Her Campus Logo Her Campus Logo

The Secret’s Out: Becoming a Regular Reader

The opinions expressed in this article are the writer’s own and do not reflect the views of Her Campus.
This article is written by a student writer from the Her Campus at Bristol chapter.

One of the first questions I get asked when I tell someone I am an English student is, ‘Who’s your favourite author?’ Or, ‘What books do you recommend?’ These questions terrify me for two reasons: Firstly, until this summer, I barely read, and secondly, the only book that comes to mind when someone asks is Tom Gates. That is not to say that I do not recommend Tom Gates – it is undeniably the best comfort read out there – but I do not feel that this is the answer that anyone was really looking for from an undergraduate English student.

When desperately trying to establish a good reading habit a couple of years ago, I made the mistake of going for the ‘classics’, or what is sometimes referred to as canonical literature, including Dickens’ Great Expectations, F. Scott Fitzgerald’s The Great Gatsby and Orwell’s Nineteen Eighty Four. I have given each of these a go and struggled through to the end of two out of three, but none brought me as great enjoyment as when I read Tom Gates or, to pick something more my age, Normal People. And at the end of the day, this is exactly what reading is about: enjoyment. Therefore, next time you choose a new book, do not just reach for the one you think you should be reading, but pick one that will bring you joy. This is the most crucial stepping stone to becoming a more regular reader.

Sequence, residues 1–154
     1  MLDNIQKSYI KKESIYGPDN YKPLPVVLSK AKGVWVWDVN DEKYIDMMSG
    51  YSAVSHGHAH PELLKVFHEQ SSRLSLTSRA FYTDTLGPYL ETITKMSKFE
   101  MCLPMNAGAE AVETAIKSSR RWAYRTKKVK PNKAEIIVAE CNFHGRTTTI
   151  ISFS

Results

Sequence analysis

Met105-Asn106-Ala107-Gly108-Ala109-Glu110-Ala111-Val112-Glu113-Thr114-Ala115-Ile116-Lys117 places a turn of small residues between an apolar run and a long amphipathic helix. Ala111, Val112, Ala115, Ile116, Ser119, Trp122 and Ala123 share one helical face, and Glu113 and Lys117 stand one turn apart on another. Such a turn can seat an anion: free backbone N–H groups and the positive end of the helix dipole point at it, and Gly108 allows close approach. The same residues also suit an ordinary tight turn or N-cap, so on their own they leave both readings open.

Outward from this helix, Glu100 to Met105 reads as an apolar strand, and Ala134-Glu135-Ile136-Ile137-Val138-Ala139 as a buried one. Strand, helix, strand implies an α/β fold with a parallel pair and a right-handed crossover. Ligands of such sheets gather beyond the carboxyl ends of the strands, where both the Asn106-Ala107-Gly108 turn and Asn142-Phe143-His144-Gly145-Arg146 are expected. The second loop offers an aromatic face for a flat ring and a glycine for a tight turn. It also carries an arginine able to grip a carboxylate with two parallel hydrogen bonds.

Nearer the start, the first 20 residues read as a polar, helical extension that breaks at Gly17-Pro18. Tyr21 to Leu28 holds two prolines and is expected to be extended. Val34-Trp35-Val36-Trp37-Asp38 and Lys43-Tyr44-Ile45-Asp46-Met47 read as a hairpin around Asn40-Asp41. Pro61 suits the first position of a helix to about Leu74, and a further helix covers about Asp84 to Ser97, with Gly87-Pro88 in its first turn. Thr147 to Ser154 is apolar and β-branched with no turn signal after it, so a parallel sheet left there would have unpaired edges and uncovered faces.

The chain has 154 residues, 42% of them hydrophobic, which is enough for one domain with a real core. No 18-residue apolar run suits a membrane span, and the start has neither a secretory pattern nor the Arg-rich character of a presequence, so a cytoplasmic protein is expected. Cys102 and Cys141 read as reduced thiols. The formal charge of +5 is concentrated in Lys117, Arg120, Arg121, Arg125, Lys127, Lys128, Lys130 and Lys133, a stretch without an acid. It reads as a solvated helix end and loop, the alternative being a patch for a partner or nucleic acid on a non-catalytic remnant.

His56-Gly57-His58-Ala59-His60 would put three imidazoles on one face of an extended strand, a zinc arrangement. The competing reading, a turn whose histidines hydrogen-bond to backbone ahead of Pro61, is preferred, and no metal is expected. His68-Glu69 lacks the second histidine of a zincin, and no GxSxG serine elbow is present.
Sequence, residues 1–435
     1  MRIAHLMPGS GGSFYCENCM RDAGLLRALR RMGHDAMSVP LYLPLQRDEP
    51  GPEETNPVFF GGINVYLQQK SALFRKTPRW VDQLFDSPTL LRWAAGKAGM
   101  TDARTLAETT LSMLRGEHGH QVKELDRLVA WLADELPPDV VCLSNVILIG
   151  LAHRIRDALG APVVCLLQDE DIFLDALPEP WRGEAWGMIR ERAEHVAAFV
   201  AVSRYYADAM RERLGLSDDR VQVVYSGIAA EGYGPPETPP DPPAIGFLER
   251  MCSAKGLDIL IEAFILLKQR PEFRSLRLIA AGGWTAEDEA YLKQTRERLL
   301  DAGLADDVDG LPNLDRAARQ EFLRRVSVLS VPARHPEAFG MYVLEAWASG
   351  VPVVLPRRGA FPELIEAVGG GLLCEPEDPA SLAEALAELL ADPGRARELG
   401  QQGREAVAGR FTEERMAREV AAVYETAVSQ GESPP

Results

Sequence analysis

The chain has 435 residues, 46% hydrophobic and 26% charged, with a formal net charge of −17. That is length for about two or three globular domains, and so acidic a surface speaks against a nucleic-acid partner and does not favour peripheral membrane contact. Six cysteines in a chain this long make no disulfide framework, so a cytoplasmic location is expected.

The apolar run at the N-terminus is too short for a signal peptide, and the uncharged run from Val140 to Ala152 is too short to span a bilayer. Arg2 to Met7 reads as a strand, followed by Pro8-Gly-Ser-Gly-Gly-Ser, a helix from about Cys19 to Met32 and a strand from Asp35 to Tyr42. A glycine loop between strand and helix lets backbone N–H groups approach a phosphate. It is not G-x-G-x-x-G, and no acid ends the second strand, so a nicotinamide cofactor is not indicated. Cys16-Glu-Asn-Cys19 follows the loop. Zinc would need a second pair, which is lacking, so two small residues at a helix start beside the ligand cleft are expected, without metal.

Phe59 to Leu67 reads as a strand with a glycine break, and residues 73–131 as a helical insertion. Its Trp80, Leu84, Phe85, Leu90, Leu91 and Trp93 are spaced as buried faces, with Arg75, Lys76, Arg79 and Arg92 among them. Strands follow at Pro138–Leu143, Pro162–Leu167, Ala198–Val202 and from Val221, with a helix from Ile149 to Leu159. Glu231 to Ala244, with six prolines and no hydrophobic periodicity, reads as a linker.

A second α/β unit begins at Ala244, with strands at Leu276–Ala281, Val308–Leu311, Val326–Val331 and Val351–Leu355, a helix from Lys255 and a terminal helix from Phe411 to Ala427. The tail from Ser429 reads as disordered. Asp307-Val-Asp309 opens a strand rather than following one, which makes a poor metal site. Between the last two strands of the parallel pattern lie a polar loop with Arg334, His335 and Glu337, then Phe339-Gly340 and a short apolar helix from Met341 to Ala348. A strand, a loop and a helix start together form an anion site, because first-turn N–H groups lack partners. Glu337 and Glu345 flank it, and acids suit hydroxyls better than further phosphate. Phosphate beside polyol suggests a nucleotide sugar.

Another thing that I should mention at this point is that novels alone do not have to constitute the entirety of your reading time. Someone with good reading habits will enjoy skimming through a magazine or reading an online article, just as you are doing now. In fact, if you have come so far in this article, I would suggest that you are well on your way to becoming a regular reader because this is clearly something you want and are willing to research to achieve. Reading regularly does not necessarily mean that you get through a book a day or even a book a month, but it simply means that you have an interest in understanding other people’s lives and opinions, whether that be through a novel, a poem, or even a newspaper. It is equally important to explore all these options when trying to discover what suits you and what will be most enjoyable.

The last thing I would say is to ignore other people. Yes, it can be beneficial to ask for recommendations from others, but this can also put unnecessary pressure on you to enjoy a book that simply might not be to your taste. There are countless authors and books, so do not panic if the one your friend is reading is not for you. Set yourself a cut-off point of around 100 pages, and if you are still struggling to get stuck, then simply move on. Sometimes, I stop processing the words on the page because I want to like the book rather than getting lost in the narrative. Then my confidence drops, and I am reluctant to pick up something new, fearing that I will have the same problem and never get back into reading. Therefore, the best thing to do is to go back to a particular author you know you engage well with, or even something so simple as Tom Gates!

Reading regularly is undoubtedly a good habit that I continually strive to achieve. But the ‘secret’ is out: try to pick something to read every so often and find something you enjoy, and you will be surprised by the speed at which your reading routine improves. And just remember, the classics are not all they are made to be. Quite honestly, the literary canon contains books that even us English students struggle to understand. These texts are largely written by old white men and serve only in a historical context to prove the class and gender boundaries which have marginalised people for decades. Maybe one day, some of our modern, light-hearted works will be part of this so-called canon, and I’ll be rooting for Liz Pichon to feature all the way.

Kashvi Cox

Bristol '26

Hello, my name is Kashvi and I am an English undergraduate at the University of Bristol. This is my second year writing for Her Campus. Outside of my studies I love to dance, run and do anything sporty! I am also keen to get into the world of journalism and start to establish my own personal style of writing.